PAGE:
- The temperature of the testes effects spermatogenesis (sperm formation). The scrotum (the skin covered sac that holds the testicles) functions as a sensitive regulator of temperature; by contracting and relaxing, it modifies testicular temperature. The optimal temperature for the testes is approximately 2 degrees below body temperature (i.e. about 35oC).
- Sperm count can effect the fertility of males. The normal range for a sperm count is 35–200 million sperm per ejaculate. A male is defined as being infertile if he has a sperm count below 20 million.
- Male fertility is also affected by the morphology (shape and size) of the sperm in the ejaculate. Abnormal morphology can render the sperm ineffective, thus causing infertility even if the sperm count is normal.
For more information on sperm health, including factors affecting sperm health and investigations of sperm health, see Sperm Health.
The epididymis is a firm structure that consists of three parts: the expanded head, the body, and the tail. The epididymis is a coiled tube covered by connective tissue. Fully expanded, it is approximately 20 m long. At the tail of the epididymis, a tube called the vas deferens emerges.
Sperm pass into the epididymis after they are formed in the seminiferous tubules. The sperm in the seminiferous tubules and early epididymis cannot move. These non-motile sperm gain the potential to move after 18–24 hours in the epididymis, though the production of specific substances within the epididymis prevents actual movement.
The vas deferens is a 45 cm long muscular tube that transports sperm to the ejaculatory ducts.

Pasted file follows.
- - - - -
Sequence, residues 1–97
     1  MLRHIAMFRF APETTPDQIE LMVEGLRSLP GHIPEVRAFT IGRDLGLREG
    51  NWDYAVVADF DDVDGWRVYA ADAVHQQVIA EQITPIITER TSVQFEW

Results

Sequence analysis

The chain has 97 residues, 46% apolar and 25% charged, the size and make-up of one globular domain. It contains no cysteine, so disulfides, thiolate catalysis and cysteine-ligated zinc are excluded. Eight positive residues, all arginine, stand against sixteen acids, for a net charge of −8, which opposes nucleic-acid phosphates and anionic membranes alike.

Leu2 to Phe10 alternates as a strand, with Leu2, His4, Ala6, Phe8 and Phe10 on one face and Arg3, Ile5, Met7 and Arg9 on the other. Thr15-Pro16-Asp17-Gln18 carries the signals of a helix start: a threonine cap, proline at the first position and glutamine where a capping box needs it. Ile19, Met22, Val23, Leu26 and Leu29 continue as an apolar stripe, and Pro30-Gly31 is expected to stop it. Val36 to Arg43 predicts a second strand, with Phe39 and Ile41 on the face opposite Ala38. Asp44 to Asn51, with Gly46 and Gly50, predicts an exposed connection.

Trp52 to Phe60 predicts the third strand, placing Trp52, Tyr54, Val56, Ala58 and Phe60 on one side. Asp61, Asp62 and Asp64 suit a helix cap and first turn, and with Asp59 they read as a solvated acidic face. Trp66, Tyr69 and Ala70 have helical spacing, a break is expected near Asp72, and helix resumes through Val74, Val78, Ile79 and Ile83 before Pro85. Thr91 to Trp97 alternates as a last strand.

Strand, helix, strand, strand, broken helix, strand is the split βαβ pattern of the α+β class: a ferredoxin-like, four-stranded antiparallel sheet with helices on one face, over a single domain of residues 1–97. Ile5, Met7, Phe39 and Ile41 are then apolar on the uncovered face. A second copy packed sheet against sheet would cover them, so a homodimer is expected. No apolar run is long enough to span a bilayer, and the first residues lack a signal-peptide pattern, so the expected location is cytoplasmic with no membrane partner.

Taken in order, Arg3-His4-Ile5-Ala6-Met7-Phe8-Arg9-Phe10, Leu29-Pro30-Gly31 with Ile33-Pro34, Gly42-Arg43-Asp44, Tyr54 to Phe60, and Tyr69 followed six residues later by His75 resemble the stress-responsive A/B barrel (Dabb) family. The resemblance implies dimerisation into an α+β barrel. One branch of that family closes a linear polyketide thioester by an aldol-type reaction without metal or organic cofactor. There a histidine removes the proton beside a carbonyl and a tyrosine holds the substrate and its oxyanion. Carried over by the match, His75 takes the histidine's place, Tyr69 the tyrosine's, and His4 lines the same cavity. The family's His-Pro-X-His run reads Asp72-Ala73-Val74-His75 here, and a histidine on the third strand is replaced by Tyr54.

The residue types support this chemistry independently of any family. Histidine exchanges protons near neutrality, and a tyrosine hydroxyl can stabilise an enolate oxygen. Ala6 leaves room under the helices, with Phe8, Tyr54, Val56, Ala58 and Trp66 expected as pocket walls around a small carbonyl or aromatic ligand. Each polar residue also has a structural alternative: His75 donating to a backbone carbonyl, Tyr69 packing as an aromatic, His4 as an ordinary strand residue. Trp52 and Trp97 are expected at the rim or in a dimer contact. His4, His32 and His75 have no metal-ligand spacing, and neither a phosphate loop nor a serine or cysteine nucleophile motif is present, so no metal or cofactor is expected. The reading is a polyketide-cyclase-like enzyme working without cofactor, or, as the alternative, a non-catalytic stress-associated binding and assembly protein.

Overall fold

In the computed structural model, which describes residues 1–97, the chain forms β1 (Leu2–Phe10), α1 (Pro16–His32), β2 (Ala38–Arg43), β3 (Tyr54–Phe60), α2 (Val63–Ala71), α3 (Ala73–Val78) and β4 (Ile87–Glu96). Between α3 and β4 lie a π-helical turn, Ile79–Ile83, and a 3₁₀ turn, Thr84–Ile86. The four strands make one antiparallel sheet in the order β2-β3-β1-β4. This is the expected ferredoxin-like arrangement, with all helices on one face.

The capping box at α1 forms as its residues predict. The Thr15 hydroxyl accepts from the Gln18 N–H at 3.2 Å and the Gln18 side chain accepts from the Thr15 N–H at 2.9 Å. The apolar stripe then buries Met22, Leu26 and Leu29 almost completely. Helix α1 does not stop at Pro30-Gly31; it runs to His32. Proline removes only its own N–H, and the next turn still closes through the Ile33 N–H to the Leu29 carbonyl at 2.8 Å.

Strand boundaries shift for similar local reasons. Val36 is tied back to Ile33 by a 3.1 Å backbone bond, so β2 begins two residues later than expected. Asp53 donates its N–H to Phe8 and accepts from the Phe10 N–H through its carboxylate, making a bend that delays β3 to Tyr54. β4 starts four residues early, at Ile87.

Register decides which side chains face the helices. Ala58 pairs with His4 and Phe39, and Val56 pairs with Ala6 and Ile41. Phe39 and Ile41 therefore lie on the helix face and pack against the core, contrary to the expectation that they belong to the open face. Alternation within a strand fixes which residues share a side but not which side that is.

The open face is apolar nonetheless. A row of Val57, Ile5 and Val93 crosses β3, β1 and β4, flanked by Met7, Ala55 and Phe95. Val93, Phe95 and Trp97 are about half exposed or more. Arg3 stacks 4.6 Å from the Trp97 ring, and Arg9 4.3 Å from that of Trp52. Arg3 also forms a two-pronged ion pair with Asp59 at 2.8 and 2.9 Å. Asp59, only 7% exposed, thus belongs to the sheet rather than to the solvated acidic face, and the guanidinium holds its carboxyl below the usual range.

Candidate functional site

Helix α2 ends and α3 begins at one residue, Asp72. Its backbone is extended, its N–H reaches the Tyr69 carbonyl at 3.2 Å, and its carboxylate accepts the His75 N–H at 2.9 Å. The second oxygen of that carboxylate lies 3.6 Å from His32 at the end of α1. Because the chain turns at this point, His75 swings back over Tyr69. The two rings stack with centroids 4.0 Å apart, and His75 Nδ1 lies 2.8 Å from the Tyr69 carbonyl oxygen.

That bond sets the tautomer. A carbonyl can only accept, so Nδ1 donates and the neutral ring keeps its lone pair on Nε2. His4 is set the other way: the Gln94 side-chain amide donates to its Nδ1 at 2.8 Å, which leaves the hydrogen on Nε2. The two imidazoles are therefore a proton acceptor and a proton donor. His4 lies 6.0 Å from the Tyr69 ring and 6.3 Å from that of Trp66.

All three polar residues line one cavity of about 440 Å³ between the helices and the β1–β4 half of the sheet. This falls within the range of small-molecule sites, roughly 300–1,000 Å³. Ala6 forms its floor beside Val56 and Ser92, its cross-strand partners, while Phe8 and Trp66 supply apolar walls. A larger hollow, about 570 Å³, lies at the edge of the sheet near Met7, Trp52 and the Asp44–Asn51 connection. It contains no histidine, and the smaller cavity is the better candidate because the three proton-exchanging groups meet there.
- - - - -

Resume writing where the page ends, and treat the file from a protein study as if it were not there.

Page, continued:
The two ejaculatory ducts are formed by the union of the vas deferens with the ducts arising from the seminal vesicles (accessory glands that secrete fluid) on either side. They are approximately 2 cm long, piercing theprostate gland and emptying into the part of the urethra that runs through the prostate.
The urethra allows the passage of both urine and sperm.
There are two main parts of the penis:
- Root: There are three main parts of the root of the penis: the midline bulb, and the left and right crura on either side of the bulb.
- Body: The body of the penis consists of three cylindrical masses of erectile tissue: the corpus spongiosum in the midline, and the two corpus cavernosa on either side. At the end of the corpus spongiosum is the head of the penis, where the urethra opens.
Erection occurs due to nervous impulses as a result of sexual arousal. The erectile tissue becomes engorged with blood, elongating and stiffening the penis. The nervous input also causes glands to secrete mucus, lubricating the penis in preparation for sexual intercourse.
For information on erectile dysfunction and tips for dealing with it, its medications, and some useful animations, see Erectile Dysfunction.